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The End of an Era for American Carmakers -- A Silicon Valley Perspective

The Huffington Post The Huffington Post 30/10/2015 Payam Zamani

2015-10-29-1446156798-3800374-iStock_000068857095_Medium.jpg © Provided by The Huffington Post 2015-10-29-1446156798-3800374-iStock_000068857095_Medium.jpg
If you've worked in or around the American automotive industry, you already know about Bob Lutz. He has held major executive positions with the American Big Three -- GM, Ford and Chrysler -- as well as BMW and a host of other automotive-related companies. He's seen as a maverick, a truth-teller and a pioneer among some automotive cognoscenti.
Recently, in an editorial Lutz wrote for Road and Track, titled "Is Tesla Doomed? -- Bob Lutz thinks the writing is on the wall for the EV maker," he argued that "Tesla's showing all the signs of a company in trouble," primarily because it sells cars direct to its customers without a dealer network.
Lutz recounts BMW's failed direct-sales strategy, and rather than blaming his old employer for not running their operations efficiently, he argues that BMW's failure also means Tesla's direct-sales model will fail.
Lutz points to the fact that car dealerships need acres for the cars they keep in their inventory and also require a "big building with service bays, chargers and a trained sales force...". "Under a traditional franchise arrangement, the factory never has to carry that burden," he adds.
Then Lutz portrays dealerships as money pits that no manufacturer would want to burden themselves with. That's a strange point of view for someone who spent an entire career relying on franchised dealer networks to sell their products and generate their revenue. On one hand, he basically says that dealers have gotten the short end of the stick from car makers (such as his own employers); and on the other hand he fails to mention Tesla's highly efficient supply chain management and just-in-time inventory, or their customer centric sales model, or their remarkable sales successes, or their incredibly high overall customer satisfaction ratings.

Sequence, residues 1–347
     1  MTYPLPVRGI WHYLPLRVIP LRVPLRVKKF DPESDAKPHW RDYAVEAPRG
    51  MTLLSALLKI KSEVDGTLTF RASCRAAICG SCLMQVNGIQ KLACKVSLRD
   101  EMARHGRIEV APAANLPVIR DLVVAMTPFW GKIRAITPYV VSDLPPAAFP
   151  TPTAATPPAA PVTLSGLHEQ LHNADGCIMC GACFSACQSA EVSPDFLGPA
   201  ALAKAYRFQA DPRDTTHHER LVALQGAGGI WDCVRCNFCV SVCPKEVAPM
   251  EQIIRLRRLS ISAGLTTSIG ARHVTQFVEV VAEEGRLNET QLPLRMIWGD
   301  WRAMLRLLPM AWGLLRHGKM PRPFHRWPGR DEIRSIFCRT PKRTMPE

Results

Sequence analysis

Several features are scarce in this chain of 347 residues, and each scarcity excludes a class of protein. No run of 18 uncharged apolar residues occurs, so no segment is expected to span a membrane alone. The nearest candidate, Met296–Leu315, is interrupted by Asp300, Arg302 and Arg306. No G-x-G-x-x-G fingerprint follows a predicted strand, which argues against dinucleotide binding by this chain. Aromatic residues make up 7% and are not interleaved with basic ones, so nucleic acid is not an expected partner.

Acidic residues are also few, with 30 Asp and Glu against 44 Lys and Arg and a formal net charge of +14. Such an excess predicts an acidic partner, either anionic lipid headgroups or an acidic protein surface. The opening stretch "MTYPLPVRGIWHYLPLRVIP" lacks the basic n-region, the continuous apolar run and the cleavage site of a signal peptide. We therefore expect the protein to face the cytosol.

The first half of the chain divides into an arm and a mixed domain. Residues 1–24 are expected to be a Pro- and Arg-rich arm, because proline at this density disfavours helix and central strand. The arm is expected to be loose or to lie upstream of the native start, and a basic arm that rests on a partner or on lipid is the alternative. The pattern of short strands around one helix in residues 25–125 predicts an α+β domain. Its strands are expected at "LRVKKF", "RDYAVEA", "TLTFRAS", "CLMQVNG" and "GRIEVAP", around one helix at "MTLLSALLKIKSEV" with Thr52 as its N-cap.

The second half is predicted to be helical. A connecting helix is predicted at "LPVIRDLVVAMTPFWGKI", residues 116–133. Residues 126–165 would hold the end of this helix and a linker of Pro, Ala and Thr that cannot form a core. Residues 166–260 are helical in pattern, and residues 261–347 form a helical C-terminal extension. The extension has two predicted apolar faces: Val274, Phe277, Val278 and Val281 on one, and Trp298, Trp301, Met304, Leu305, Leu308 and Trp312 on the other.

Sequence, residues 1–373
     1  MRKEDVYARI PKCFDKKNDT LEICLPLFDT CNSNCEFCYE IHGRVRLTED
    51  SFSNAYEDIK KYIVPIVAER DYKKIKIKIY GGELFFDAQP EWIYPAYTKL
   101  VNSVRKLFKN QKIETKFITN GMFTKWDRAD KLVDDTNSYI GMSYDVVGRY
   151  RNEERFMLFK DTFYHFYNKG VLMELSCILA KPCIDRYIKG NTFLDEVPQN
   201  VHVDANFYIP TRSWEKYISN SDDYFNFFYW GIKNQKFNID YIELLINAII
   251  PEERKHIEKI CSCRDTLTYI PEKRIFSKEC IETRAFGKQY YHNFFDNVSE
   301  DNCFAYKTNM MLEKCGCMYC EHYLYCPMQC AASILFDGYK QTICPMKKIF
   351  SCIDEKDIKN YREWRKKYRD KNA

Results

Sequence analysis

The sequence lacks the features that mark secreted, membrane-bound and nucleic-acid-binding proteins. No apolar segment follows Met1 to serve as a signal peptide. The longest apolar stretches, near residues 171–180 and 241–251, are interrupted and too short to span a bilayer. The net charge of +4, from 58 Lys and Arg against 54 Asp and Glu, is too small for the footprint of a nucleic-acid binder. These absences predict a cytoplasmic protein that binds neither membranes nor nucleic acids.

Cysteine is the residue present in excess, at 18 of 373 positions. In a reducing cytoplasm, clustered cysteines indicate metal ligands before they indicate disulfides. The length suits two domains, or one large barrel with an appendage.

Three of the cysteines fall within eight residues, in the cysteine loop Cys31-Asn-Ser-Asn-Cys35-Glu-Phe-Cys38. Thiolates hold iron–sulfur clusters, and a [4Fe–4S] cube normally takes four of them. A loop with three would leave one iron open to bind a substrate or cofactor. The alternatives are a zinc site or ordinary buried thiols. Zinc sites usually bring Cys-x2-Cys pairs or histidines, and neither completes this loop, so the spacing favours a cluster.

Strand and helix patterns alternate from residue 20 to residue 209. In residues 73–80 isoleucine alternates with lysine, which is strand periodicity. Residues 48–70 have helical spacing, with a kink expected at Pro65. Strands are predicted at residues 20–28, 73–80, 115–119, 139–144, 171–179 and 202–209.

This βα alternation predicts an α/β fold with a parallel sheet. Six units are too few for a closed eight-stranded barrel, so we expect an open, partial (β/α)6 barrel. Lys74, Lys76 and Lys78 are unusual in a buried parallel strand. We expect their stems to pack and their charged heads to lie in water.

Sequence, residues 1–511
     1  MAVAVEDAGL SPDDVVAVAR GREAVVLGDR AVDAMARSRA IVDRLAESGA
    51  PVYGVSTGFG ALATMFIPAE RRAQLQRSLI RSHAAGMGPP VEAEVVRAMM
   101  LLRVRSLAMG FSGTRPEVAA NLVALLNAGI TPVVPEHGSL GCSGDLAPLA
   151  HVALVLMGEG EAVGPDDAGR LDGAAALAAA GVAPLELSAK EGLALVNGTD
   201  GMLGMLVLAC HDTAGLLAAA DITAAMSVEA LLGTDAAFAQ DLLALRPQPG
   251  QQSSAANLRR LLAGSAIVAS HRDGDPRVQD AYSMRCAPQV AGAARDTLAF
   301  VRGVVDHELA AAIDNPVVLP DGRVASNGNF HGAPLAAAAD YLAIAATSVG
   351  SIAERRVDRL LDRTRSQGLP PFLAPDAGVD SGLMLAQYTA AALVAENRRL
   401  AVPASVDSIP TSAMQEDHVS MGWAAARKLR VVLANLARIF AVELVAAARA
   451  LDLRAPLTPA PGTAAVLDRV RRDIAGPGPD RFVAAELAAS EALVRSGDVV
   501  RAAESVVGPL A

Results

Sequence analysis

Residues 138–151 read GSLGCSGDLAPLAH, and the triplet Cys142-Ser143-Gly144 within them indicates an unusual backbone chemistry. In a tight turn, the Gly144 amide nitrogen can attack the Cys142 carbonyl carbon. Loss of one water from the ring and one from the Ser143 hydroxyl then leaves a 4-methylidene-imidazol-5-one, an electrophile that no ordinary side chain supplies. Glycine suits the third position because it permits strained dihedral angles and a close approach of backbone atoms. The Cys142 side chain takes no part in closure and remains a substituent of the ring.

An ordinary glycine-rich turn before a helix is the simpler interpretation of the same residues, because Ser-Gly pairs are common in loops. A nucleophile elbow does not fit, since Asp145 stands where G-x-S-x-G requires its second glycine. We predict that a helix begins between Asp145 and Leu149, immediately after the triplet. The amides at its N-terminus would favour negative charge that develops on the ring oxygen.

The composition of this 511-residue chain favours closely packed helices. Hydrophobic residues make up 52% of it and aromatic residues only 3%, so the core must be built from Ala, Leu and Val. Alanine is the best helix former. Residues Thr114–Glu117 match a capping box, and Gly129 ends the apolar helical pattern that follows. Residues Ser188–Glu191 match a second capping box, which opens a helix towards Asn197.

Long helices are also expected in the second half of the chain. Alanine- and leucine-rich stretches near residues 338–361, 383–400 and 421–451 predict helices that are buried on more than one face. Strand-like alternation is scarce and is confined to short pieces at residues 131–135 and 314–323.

I'd like to suggest a different viewpoint, seen from a Silicon Valley perspective rather than through Detroit's old-school lens.
Tesla has not simply applied old business models and strategies to a new car -- instead, they've invented an entirely new strategic approach for a truly revolutionary car packed with cutting edge technologies. From the car itself to the way it's sold, serviced, and upgraded, Tesla owners -- and I'm one of them -- have made a giant leap ahead of the standard Detroit fare, experiencing new and cutting-edge performance, reliability, environmental impact and ownership experience.
Don't get me wrong -- Bob Lutz deserves a lot of respect for his past accomplishments as an automotive executive. But let's be honest here. Lutz no longer represents the innovative edge of automotive thinking. He publicly denies climate science, he's nowhere to be found on social media, and he is probably not the guy who will lead the next technology revolution for cars. Instead, Bob seems to want to keep playing the protectionist game and argue for the continuing ascendancy of the old ways of doing things. How many car executives from the traditional Detroit industries have bashed technology innovators, while allowing their own companies to stall, go sideways or go bankrupt?
As examples of my point, take a look at the comments Lutz has made about Apple as a potential car maker here, here and here.
I don't mean to single out Mr. Lutz -- he certainly isn't alone among the tech-bashers in the traditional, legacy car industry. Unfortunately that's how many executives, if not the majority, tend to react towards new technology.
Here is the critical fact: the automotive industry is changing at a rapid pace, and that frightens the old guard.